From Cedar Rapids to Iowa City to Des Moines to Council Bluffs, parlors have opened in plain sight in historic buildings, strip malls, run-down commercial properties, and next to cafes and bars. Traditionally, they advertise Asian massage, but more recently names have advertised foot massage and reflexology. In some cases, local ordinances, passed largely in the past two and a half years, allow police to check for state massage s and screen out owners with questionable criminal histories.
Such ordinances have also given police more authority to check for illegal activity. In places like Urbandale and Johnston, vigilance by local police and city leaders has succeeded in putting parlors out of operation and preventing new ones from opening.
A subsequent probe revealed trafficked women who had been performing massages and sex acts were living in the basement. Mayor Paula Dierenfeld said local officials learned later they were further victimizing women who already were being treated inhumanely. The ordinance Johnston adopted requires massage businesses to apply for a businesswhich allows for a criminal background check. Those checks have prevented two new massage businesses from opening, Dierenfeld said.
No parlors advertising erotic Asian massage are currently operating in the city, according to Rubmaps. InGov. Terry Branstad ed into law a bill that gave cities more authority to require s for massage parlors.
Still, business remains brisk: The National Human Trafficking Hotline received calls in from Iowa, the last full calendar year reported. By far, illicit massage is a top industry for those trafficked in the state, a truism nationally, according to Polaris.
Duax, the assistant U. Polaris encourages law enforcement networks to work across jurisdictions. It also stresses providing sex trafficking victims access to legal and social services, and not punishing them with arrest. Myles said that the people driving the industry function like organized crime, usually with shared ownership across multiple locations, and that law enforcement in turn needs to treat the operations like organized crime. We're trying to get beyond the whack-a-mole approach and get to dismantling a network.
In Dubuque inpolice and members of a vice and narcotics squad spent months tracking the men who frequented the two parlors owned by Hart, a criminal complaint shows.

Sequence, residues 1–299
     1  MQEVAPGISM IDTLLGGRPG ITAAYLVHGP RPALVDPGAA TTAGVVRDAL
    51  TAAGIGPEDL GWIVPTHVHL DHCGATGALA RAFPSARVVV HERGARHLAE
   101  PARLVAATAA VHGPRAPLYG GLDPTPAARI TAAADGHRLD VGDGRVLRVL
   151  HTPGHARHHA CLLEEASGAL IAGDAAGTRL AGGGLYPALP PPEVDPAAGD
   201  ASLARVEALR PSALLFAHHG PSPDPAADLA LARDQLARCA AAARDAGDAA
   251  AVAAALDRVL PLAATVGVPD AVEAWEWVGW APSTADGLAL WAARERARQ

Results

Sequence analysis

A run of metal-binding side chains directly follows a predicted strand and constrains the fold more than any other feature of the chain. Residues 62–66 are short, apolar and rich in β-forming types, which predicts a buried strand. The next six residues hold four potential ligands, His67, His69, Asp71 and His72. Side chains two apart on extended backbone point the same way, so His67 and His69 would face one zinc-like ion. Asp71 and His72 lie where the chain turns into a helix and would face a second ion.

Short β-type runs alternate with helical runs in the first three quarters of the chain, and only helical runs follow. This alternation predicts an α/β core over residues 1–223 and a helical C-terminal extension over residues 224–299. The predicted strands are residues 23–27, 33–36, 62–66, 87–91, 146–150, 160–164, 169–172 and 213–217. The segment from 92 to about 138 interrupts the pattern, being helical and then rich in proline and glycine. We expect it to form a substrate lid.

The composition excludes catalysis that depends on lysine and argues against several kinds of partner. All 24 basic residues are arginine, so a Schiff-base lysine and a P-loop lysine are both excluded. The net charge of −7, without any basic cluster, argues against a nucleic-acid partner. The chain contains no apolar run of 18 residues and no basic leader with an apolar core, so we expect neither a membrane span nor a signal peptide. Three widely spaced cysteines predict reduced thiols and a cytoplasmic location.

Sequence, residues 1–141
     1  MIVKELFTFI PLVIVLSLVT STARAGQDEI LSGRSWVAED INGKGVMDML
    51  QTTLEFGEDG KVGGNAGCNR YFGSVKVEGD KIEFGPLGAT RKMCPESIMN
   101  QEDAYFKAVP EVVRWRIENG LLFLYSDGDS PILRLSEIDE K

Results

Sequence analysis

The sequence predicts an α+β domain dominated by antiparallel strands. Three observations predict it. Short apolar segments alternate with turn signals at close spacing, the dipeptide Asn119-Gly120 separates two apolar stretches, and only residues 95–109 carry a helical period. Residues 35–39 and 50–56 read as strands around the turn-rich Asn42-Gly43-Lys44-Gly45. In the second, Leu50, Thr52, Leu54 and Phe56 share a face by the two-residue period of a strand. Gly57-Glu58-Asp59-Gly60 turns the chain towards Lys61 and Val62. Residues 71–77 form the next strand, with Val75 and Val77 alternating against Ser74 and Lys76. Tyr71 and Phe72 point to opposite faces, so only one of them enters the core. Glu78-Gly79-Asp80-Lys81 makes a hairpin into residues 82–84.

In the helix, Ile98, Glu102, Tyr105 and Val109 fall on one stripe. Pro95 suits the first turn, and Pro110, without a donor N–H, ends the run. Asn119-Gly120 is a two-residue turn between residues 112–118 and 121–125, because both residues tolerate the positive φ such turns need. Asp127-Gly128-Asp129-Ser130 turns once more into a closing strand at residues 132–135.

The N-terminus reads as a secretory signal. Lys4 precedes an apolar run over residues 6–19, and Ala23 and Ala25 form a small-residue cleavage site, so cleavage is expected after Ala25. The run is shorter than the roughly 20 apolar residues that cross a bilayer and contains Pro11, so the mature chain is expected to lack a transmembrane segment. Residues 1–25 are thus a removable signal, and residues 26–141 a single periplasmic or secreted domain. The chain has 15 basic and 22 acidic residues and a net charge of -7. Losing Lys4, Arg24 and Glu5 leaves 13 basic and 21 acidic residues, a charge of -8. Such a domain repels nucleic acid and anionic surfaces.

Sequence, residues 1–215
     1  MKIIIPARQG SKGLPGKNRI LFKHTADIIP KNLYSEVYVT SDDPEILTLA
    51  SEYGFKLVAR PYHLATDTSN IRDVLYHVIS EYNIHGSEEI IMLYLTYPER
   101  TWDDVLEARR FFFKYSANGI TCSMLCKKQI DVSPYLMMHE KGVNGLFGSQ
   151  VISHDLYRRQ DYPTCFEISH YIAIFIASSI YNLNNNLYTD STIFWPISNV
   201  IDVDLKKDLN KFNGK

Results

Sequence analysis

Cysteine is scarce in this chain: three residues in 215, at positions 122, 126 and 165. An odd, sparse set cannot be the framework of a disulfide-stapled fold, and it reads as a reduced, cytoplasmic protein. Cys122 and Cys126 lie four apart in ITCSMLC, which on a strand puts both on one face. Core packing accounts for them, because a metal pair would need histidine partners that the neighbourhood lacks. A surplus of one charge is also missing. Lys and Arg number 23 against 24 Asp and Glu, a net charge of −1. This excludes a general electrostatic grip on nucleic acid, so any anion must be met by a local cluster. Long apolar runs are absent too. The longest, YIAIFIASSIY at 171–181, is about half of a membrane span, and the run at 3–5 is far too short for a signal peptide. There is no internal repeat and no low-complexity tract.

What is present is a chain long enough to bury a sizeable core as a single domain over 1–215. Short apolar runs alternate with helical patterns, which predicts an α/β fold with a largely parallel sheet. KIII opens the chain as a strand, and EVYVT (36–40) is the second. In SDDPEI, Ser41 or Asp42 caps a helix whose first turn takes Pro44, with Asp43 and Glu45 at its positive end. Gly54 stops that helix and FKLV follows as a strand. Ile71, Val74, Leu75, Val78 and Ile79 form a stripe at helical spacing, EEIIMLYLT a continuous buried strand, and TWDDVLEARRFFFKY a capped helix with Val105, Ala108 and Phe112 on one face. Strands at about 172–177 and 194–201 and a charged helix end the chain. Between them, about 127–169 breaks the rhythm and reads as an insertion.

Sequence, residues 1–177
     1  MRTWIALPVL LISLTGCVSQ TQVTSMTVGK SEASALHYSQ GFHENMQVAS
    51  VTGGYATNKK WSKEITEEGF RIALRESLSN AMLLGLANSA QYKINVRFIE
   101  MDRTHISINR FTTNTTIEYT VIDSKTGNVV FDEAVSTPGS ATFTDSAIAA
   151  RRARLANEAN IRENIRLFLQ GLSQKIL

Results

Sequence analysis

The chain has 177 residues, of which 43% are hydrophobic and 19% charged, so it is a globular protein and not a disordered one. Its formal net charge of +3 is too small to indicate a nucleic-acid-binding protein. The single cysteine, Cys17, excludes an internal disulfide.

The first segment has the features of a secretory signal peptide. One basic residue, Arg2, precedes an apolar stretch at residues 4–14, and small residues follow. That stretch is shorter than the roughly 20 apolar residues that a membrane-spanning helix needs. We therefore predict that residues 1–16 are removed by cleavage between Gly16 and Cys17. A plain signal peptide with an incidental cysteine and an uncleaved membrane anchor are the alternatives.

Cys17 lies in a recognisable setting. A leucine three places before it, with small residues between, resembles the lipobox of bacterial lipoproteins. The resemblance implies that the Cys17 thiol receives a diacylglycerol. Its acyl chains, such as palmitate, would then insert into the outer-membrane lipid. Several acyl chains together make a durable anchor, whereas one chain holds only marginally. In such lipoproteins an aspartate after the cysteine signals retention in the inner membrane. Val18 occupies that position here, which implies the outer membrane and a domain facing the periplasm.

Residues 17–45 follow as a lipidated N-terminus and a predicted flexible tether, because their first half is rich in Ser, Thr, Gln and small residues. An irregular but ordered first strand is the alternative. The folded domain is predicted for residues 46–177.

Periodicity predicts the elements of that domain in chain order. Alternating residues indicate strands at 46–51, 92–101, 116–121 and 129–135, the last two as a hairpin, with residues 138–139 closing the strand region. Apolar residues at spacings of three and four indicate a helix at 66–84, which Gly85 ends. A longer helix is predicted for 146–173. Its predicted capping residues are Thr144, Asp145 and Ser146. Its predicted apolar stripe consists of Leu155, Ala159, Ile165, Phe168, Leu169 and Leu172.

They conducted surveillance for three weeks, made arrests, initiated interviews with customers and obtained warrants to check Hart's phone records and bank s. They went through trash at the home he shared with Li and at the parlors, finding schedules, receipts and towels stained with semen.
Bank records of Hart and Li show payments to Rubmaps, Back and Craigslist, a criminal compliant says. Several thousand dollars in cash was found in Hart's home and both businesses.
Investigators also found itineraries and copies of airline tickets, some of which were billed to Hart, for travel involving individuals with Asian names. Just before officers executed a search warrant on May 2,two undercover officers were sent into both locations.
Both said they were solicited for sex near the end of their massages. After officers entered the TuiNa Studio, Hart spoke to them via a baby monitor he used as part of a surveillance system. Lee Rood's Reader's Watchdog column helps Iowans get answers and ability from public officials, the justice system, businesses and nonprofits. Contact her at lrood dmreg.
Facebook Twitter. Iowa is a hot spot for trafficking in the illicit massage industry, but prosecutions are rare Experts say stings are starting to happen at illicit massage parlors across the country, like the one that ensnared Patriots owner Robert Kraft.
But none have happened in Iowa, Reader's Watchdog found. Show Caption. Hide Caption.
Neighbor spends 18 months to close illicit massage parlor. Jim Townsend worked for 18 months to close down an illicit massage parlor that was operating next to his business in Urbandale. What's next for Robert Kraft?
SportsPulse: Will Robert Kraft face actual jail time? Will the video inside the spa ever be released? Perez breaks down what's next for the Patriots owner legally. Asian massage parlors booming in Iowa. Share your feedback to help improve our site!